Demonstrate your value by telling stories of client success.
Work is frequent fodder for conversation between friends and family alike. When the topic comes up in your social circle, how do you describe the work you do? When you describe your practice to friends and family, be mindful of the fact that the words you choose may actually align with the art of gaining referrals. Friends and family are great prospects, and even if they are not likely to become customers in the near future, you can still gain referrals from them.
Your ultimate goal is to demonstrate the importance of the work you do and the valueyou bring to others. The best way to do this is by telling stories, sharing anecdotes and providing case studies. Most salespeople—financial professionals included—overlook the effectiveness of stories, anecdotes and case studies to demonstrate the importance of their work and the value they bring to their clients.
For a non-client to refer you to someone he knows, a very clear picture of the value you bring to others has to be realized. Be sure to describe the process you put your prospects and clients through. Provide specific examples of how you've helped clients prevent problems, solve problems and take advantage of opportunities:
- Discuss value: "George, are you beginning to see the tangible value we bring to our clients?"
- Treat your requests with importance: "Great. With that in mind, I have an important question to ask you."
- Get permission to brainstorm: "I'm hoping we can take a few minutes to brainstorm about people you think should know about the work I do. Can we try that for a minute?"
- Suggest names and categories: "For instance, I think your business partner, Barbara, might be a great candidate for the work we do. Could you introduce me to her?"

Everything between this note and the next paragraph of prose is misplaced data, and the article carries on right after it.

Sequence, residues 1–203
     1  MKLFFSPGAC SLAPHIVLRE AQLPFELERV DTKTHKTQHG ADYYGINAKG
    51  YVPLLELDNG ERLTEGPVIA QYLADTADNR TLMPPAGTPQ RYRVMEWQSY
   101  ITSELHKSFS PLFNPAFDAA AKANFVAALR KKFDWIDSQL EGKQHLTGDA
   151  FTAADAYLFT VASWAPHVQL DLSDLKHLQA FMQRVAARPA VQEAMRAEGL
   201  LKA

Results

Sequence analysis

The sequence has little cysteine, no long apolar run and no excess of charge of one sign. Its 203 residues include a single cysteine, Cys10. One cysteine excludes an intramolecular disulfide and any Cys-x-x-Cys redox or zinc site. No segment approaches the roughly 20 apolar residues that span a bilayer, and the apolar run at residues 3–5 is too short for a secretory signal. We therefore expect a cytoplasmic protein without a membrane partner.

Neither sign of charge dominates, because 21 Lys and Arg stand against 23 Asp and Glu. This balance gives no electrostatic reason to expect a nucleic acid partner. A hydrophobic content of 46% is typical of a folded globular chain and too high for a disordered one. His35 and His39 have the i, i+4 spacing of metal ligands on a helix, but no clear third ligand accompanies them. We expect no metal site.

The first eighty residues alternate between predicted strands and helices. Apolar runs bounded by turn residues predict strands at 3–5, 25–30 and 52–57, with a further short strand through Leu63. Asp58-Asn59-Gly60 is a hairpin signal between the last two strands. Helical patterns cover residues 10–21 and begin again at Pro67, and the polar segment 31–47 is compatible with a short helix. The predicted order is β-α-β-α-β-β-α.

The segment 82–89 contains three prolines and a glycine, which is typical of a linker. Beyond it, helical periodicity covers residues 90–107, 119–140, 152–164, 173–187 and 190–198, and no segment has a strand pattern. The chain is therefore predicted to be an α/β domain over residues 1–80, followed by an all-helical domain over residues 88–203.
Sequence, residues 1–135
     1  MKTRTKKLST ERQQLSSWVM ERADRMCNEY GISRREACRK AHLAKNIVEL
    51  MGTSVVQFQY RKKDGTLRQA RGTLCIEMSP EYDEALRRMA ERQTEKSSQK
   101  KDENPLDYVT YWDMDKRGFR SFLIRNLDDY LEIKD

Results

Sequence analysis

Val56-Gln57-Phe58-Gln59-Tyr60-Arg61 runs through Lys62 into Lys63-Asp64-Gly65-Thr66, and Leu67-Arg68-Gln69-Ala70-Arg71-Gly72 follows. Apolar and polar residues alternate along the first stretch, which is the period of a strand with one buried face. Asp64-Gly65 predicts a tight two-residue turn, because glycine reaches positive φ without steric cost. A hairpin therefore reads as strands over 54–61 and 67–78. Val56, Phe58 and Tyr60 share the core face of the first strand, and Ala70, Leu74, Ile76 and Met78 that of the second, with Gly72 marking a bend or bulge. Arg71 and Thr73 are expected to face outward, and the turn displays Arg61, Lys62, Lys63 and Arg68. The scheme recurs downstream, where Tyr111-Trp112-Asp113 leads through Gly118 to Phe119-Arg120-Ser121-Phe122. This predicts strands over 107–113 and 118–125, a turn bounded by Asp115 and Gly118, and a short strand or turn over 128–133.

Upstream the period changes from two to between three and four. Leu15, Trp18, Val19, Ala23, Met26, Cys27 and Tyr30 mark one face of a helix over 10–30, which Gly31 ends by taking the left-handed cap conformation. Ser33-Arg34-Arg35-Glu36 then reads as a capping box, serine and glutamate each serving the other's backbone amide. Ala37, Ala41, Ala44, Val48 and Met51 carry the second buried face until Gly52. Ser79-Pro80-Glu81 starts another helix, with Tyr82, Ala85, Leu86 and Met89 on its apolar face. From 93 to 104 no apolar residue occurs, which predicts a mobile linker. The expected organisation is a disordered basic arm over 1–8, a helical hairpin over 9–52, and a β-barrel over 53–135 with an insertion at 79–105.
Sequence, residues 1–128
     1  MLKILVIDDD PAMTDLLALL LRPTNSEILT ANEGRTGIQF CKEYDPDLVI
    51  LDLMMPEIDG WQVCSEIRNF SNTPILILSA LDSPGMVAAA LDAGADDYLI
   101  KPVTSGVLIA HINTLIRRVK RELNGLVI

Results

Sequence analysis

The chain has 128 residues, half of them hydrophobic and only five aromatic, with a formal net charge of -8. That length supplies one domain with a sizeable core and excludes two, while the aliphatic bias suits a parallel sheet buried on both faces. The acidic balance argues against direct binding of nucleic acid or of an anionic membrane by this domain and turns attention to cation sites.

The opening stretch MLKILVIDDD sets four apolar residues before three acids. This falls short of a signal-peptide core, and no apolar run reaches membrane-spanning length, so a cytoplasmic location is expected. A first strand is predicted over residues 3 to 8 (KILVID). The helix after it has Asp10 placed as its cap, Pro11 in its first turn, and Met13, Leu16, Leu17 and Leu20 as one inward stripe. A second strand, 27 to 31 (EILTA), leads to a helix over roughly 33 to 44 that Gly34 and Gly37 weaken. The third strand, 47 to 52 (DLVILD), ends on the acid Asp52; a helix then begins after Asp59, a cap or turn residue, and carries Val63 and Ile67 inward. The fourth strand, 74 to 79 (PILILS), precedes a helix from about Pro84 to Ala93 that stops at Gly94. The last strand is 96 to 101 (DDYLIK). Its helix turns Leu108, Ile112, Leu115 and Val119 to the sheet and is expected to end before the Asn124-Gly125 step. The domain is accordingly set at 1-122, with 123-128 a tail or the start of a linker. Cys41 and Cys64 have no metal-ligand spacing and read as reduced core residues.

It's really as simple as that. The key is basing your conversation on the value you bring to the table. To accomplish that, tell the story of your value. If you do a good job of describing the value you bring to clients in your practice, there's a good chance that friends, colleagues and family members will want to become your clients, too.
Schedule a meeting
One of my coaching clients asked me the following question: "I've been meeting some people for golf over the last few months. They're not close friends yet, but we get along very well. Some of them would probably make great clients. I’m not sure how to approach them for business. Any ideas?"
If you're not comfortable approaching friends and family for referrals in a social situation, ask them to sit down with you, at a convenient time and place, to discuss your practice in depth. Explain that you want to talk about expanding your business and acknowledge that you would appreciate some help. Of course, it doesn't hurt to buy a meal, or cover a round of golf, for this meeting.
When you approach friends and family about a separate meeting, honesty is the best policy. The key is how you bring it up. In most cases, you want your approach to be soft. Let me give you a short script to illustrate my thinking:
YOU: "George, there’s something I've been wanting to talk to you about, but I've felt uncomfortable bringing it up here on the golf course."
GEORGE: "What’s that?"
YOU: "I do very important work for successful people like yourself. I was hoping I might be able to approach you in ‘business mode’ to see if I might be a valuable resource for you or someone you know. May I give you a call at your office to begin a business conversation with you?"
GEORGE: "Sure. Here’s my card. Tell my assistant that I asked you to call me. She’ll make it easier on you that way."
Of course, put these sentences in your own words, and be genuine. But you get the idea. The key is not to pressure your friends and family to help you. Express your desire not to hurt the relationship by putting any pressure on anyone. And always be yourself. Sincerity opens doors more easily than tricky techniques.
By Bill Cates
Bill Cates works with financial professionals and their companies to increase sales by attracting high-quality clients through a steady and predictable flow of referrals. To learn more, visit www.referralcoach.com or email him directly firstname.lastname@example.org.